Panel Information: Eating and Drinking in Ann Arbor
When the Sugar Bowl opened in 1911, it featured homemade ice cream and handdipped chocolates made in the Preketes family apartment upstairs. After Michigan went "dry" in 1918, lunch counters and small restaurants like this, many owned by Greek immigrants, became a major feature downtown. In early Ann Arbor, you could have dined out at one of Ann Arbor’s hotels. By 1860 catered banquets and special celebrations were held at halls such as Hangsterfer's, which stood on the corner behind you.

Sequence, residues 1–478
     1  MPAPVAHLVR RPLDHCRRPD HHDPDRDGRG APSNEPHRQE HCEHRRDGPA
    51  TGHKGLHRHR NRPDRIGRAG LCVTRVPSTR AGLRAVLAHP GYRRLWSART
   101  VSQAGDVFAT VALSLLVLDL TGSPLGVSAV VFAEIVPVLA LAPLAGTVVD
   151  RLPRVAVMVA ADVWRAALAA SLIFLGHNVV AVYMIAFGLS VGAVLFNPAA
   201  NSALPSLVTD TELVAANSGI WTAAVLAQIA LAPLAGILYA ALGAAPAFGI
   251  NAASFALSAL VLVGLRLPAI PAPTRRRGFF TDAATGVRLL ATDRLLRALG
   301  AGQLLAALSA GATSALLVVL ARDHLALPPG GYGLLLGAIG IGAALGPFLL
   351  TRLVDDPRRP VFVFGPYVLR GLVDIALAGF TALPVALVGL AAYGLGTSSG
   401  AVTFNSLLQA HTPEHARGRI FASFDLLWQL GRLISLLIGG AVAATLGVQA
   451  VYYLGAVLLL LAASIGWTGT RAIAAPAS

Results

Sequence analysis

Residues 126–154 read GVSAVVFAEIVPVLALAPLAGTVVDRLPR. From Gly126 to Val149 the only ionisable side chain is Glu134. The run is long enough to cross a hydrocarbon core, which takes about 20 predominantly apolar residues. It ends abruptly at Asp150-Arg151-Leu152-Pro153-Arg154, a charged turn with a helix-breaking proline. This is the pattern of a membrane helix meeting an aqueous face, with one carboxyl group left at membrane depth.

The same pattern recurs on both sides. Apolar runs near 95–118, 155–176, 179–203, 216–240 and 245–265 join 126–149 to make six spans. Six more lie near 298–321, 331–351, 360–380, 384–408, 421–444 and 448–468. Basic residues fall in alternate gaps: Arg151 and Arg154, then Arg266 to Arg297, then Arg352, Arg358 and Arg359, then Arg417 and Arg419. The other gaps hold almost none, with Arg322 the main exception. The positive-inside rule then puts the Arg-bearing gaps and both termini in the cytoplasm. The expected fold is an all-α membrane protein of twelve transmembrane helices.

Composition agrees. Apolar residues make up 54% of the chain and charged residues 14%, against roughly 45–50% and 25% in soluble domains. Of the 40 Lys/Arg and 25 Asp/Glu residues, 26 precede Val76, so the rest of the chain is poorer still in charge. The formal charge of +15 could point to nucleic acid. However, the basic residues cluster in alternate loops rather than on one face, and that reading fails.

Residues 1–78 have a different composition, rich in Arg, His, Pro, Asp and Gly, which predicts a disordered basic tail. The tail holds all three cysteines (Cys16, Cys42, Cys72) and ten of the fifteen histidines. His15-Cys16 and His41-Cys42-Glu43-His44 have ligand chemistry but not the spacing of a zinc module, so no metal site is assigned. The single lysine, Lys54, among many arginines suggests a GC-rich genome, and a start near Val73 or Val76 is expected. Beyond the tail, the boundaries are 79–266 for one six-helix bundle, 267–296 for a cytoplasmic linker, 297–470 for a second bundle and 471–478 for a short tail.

In 1868 you might choose among twenty-eight saloons for a quick meal. Grocery stores often had a small saloon to accommodate thirsty customers. Five locally owned German breweries supplied beer. Boarding houses near campus served students and single diners. In 1967 the Sugar Bowl closed, replaced by the upscale La Seine restaurant. Although shortlived, it was the first of many restaurants that transformed Ann Arbor into a regional dining center.